At once an incredible adventure narrative and a penetrating biographical portrait, The River of Doubt is the true story of Theodore Roosevelt’s harrowing exploration of one of the most dangerous rivers on earth. The River of Doubt—it is a black, uncharted tributary of the Amazon that snakes through one of the most treacherous jungles in the world. Indians armed with poison-tipped arrows haunt its shadows; piranhas glide through its waters; boulder-strewn rapids turn the river into a roiling cauldron. After his humiliating election defeat in 1912, Roosevelt set his sights on the most punishing physical challenge he could find, the first descent of an unmapped, rapids-choked tributary of the Amazon. Together with his son Kermit and Brazil’s most famous explorer, Cândido Mariano da Silva Rondon, Roosevelt accomplished a feat so great that many at the time refused to believe it. In the process, he changed the map of the western hemisphere forever. Along the way, Roosevelt and his men faced an unbelievable series of hardships, losing their canoes and supplies to punishing whitewater rapids, and enduring starvation, Indian attack, disease, drowning, and a murder within their own ranks. Three men died, and Roosevelt was brought to the brink of suicide. The River of Doubt brings alive these extraordinary events in a powerful nonfiction narrative thriller that happens to feature one of the most famous Americans who ever lived. From the soaring beauty of the Amazon rain forest to the darkest night of Theodore Roosevelt’s life, here is Candice Millard’s dazzling debut.
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In 1912, shortly after losing his bid to spend a third term as American President to Woodrow Wilson, Theodore Roosevelt with his son Kermit, a Brazilian guide and a band of camaradas set off deep into the Amazon jungle and a very uncertain fate. Although Roosevelt did eventually return from THE RIVER OF DOUBT, he and his companions faced treacherous cataracts as well as the dangerous indigenous population of the Amazon. He became severely ill on the journey, nearly dying in the jungle from a blood infection and malaria. A mere five years later Roosevelt did die of related issues. One extraordinary factor is the resistance and disbelief the well-respected Roosevelt faced upon what should have been a triumphant return. The region was considered so dangerous that most reputable exploration societies considered Roosevelt's discoveries improbable. The Amazon emerges as a world unconstrained by the rules of civilisation, a place where an ex-president becomes just another creature struggling to survive.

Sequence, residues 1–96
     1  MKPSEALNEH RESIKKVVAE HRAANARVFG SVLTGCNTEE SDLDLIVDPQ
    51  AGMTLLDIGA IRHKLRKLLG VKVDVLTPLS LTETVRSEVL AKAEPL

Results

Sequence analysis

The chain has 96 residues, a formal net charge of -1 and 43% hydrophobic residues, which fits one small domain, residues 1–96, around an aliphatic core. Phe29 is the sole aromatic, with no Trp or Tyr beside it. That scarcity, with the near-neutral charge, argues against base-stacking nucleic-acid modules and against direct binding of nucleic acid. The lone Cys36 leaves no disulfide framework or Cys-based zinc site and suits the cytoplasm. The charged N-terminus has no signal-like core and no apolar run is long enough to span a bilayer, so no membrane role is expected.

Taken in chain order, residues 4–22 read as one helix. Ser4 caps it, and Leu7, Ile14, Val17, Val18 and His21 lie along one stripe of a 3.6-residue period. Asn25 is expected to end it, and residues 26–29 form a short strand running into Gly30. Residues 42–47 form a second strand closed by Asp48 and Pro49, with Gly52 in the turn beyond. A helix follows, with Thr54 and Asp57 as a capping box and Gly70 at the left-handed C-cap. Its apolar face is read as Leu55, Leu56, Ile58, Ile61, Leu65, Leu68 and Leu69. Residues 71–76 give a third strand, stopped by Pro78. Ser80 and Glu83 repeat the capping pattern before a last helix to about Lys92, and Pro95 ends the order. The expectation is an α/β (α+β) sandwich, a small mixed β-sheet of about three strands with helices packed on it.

- Author : Samantha Seiple
- Publisher : Scholastic Press
- Release Date : 2017-01-03
- Genre : Juvenile Nonfiction
- Pages : 224
- ISBN : 0545709164
"I did have a murderous trip down South, but it was mighty interesting." In October 1913, Theodore Roosevelt arrived in Rio de Janeiro, Brazil, on a tour of South America. The thrill-seeking adventurer had no idea that he would soon receive an offer he couldn’t refuse: the chance to lead an expedition deep into the Amazon jungle to chart an unmapped river with his son Kermit and renowned Brazilian explorer Candido Mariano da Silva Rondon. Death on the River of Doubt takes readers inside the thrilling journey that unfolds as Roosevelt, Rondon, Kermit, and their companions navigate an unpredictable river through an unforgiving jungle. With new threats at every turn, from bloodthirsty piranhas and raging rapids to starvation, disease, and a traitor in their own ranks, it seems that not everyone will make it out alive. Through it all, the indomitable Teddy Roosevelt remained determined to complete their mission and rewrite the map of the world. Or die trying.